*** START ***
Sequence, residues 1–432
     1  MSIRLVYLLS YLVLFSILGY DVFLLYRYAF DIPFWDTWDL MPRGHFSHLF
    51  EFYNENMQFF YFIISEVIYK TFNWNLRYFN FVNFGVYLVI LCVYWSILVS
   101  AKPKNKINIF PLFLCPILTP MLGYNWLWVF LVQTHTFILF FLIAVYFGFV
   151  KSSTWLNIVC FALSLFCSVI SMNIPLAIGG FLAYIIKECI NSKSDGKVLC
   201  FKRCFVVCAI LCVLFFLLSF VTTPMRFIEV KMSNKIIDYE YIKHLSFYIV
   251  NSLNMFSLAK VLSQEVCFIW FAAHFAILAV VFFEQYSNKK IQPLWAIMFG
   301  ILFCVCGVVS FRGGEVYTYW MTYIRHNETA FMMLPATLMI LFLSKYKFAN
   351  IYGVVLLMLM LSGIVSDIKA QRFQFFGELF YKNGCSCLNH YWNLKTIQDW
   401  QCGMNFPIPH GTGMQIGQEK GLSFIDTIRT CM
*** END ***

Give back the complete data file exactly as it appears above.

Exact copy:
Sequence, residues 1–432
     1  MSIRLVYLLS YLVLFSILGY DVFLLYRYAF DIPFWDTWDL MPRGHFSHLF
    51  EFYNENMQFF YFIISEVIYK TFNWNLRYFN FVNFGVYLVI LCVYWSILVS
   101  AKPKNKINIF PLFLCPILTP MLGYNWLWVF LVQTHTFILF FLIAVYFGFV
   151  KSSTWLNIVC FALSLFCSVI SMNIPLAIGG FLAYIIKECI NSKSDGKVLC
   201  FKRCFVVCAI LCVLFFLLSF VTTPMRFIEV KMSNKIIDYE YIKHLSFYIV
   251  NSLNMFSLAK VLSQEVCFIW FAAHFAILAV VFFEQYSNKK IQPLWAIMFG
   301  ILFCVCGVVS FRGGEVYTYW MTYIRHNETA FMMLPATLMI LFLSKYKFAN
   351  IYGVVLLMLM LSGIVSDIKA QRFQFFGELF YKNGCSCLNH YWNLKTIQDW
   401  QCGMNFPIPH GTGMQIGQEK GLSFIDTIRT CM